Socialists hopeful of a majority in the European Parliament

Socialist leader Hannes Swoboda praises Joseph Muscat's leadership in tackling irregular immigration, but refuses to comment on government policies such as the controversial citizenship scheme.

S&D president Hannes Swoboda interviewed by ILLUM.
S&D president Hannes Swoboda interviewed by ILLUM.

The European Socialists are hopeful of surpassing the European People’s Party, leader Hannes Swoboda said in an exclusive interview with Sunday newspaper Illum. This contrasts with the last European Parliament results in 2009, where the conservatives beat the socialists in almost every EU member state.

“The projections are quite good at the moment. Apart from our performance, we are closely following what is happening on the right. The EPP are likely to lose seats and votes to the far-right wing due to the recent economic and migration challenges. This means that we will cut our gap with the EPP or even surpass them!” Swoboda said.

The Austrian MEP expressed his concern on the possibility that the electorate will be attracted to extreme parties and said that both the socialists and the conservatives should ensure presenting alternative policies. However, Swoboda refused to delve into detail when pressed on what the socialist’s alternative vision entailed.

Asked on whether socialism lost its identity in recent years, he admitted that the left wing had to adapt itself to address current challenges.

“I say that we regained our identity to be a political movement which is socially orientated, fighting against social inequalities. Everything has to be seen in a historical perspective, communism went too far and we needed to regain a clear social direction. The situation varies in every country, but we are aware that perhaps our identity and what defines us is not promoted enough in all the countries.” 

The leader of the European Socialists concurred that the way the EU tackled the economic crisis endangered social rights, saying that they did not believe in austerity, but rather in long-term measures such as the ‘youth guarantee’. 

“Poverty increased in many EU states despite Europe being considered as a rich continent. There are some who play down poverty statistics and point out that people still go out, dine and go on shopping sprees. They do not acknowledge that this is only the result of a split society that we’re living in. You cannot ignore the working class’ difficulties just because someone else is not affected,” Swoboda underlined.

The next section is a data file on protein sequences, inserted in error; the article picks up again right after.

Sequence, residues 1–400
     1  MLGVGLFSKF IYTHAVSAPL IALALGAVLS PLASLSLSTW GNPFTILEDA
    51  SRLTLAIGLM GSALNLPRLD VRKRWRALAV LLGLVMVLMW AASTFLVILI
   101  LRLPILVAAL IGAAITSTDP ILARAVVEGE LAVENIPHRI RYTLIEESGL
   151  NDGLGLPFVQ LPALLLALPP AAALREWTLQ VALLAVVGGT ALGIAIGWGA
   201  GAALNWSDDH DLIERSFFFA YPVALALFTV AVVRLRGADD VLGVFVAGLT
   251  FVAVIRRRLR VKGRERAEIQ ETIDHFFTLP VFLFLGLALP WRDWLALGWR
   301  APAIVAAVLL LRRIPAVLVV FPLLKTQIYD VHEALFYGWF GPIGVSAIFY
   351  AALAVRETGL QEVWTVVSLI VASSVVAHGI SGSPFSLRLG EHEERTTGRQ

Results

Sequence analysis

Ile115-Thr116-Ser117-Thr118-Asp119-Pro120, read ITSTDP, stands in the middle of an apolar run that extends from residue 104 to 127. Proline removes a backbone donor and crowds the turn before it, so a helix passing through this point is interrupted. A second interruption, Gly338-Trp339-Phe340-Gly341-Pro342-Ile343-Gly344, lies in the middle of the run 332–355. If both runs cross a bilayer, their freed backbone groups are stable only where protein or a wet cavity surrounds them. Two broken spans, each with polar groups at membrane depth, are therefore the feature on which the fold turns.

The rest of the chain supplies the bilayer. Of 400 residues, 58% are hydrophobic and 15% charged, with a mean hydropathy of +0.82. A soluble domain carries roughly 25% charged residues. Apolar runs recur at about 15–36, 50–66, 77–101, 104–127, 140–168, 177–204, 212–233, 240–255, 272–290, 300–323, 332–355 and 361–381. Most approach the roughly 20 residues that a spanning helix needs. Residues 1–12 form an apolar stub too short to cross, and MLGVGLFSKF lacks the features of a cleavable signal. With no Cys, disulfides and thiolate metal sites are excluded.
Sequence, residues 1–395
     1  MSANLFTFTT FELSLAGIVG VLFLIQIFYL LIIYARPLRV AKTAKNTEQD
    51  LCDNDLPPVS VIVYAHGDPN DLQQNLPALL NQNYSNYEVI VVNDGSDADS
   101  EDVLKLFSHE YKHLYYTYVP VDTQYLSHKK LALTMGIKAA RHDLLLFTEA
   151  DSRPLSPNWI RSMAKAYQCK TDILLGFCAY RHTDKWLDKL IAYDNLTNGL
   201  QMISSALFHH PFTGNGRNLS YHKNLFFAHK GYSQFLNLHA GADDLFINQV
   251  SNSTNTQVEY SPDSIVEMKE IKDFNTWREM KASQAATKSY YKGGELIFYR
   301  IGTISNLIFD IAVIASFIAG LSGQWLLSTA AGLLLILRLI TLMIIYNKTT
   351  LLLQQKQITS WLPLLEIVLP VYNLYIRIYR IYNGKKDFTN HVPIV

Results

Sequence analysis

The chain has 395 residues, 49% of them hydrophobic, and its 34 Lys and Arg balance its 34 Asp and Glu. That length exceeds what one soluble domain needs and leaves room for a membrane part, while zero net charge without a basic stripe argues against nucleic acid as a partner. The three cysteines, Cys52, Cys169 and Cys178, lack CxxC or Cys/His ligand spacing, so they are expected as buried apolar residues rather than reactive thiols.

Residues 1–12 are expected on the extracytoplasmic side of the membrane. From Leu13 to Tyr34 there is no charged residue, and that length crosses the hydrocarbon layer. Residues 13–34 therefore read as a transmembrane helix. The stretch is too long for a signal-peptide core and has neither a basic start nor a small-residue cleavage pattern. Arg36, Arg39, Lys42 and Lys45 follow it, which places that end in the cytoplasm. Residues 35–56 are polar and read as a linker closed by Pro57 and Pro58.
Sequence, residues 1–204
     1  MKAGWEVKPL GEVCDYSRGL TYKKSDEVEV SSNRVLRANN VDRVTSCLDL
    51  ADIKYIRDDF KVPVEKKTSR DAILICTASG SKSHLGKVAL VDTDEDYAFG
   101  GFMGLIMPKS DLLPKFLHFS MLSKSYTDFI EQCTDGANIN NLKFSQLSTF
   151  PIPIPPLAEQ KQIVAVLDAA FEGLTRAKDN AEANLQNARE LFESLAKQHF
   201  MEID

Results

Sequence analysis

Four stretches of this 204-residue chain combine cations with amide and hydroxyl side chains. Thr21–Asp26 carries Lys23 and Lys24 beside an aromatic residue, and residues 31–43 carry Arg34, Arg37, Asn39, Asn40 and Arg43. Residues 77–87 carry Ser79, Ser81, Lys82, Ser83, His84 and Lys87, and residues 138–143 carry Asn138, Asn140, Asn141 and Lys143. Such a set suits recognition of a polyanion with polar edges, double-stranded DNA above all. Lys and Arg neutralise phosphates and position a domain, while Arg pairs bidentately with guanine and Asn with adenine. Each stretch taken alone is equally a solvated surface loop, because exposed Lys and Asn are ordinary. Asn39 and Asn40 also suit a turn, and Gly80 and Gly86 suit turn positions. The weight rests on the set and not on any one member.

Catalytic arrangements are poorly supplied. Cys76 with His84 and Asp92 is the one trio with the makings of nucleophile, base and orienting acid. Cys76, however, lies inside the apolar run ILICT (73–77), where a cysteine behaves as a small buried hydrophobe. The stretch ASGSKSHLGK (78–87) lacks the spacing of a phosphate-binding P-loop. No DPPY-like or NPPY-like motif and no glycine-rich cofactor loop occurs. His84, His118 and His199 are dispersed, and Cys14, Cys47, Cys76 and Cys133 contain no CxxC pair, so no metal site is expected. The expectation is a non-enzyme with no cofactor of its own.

He had words of praise towards the Maltese delegation, headed by Joseph Cuschieri and formed by MEPs Marlene Mizzi, Claudette Abela Baldacchino and John Attard Montalto.

He noted that the current delegation is continuing on what previous Maltese socialist delegations pursued and described their work as ‘excellent’. 

“Malta’s delegation has important qualities especially in the sphere of policy-making within the S&D. During the years we lost some Maltese MEPs in order to serve as Prime Minister, their deputy and finance minister. We welcome this with satisfaction because we know first-hand what their qualities are.”

Regards irregular immigration, the Austrian endorsed Joseph Muscat’s leadership saying that “he acted in the national interest but pushed for a European solution.”

However, Swoboda declined from commenting on Maltese government’s policies such as the controversial citizenship issue, arguing that European political groups had no discretion on domestic matters. In contrast, the EPP pushed this issue to be discussed in the European Parliament by mid-January.

We talk about poverty, however, it would seem that politicians are being ineffective in delivering on their promises, unfortunately. Why is this?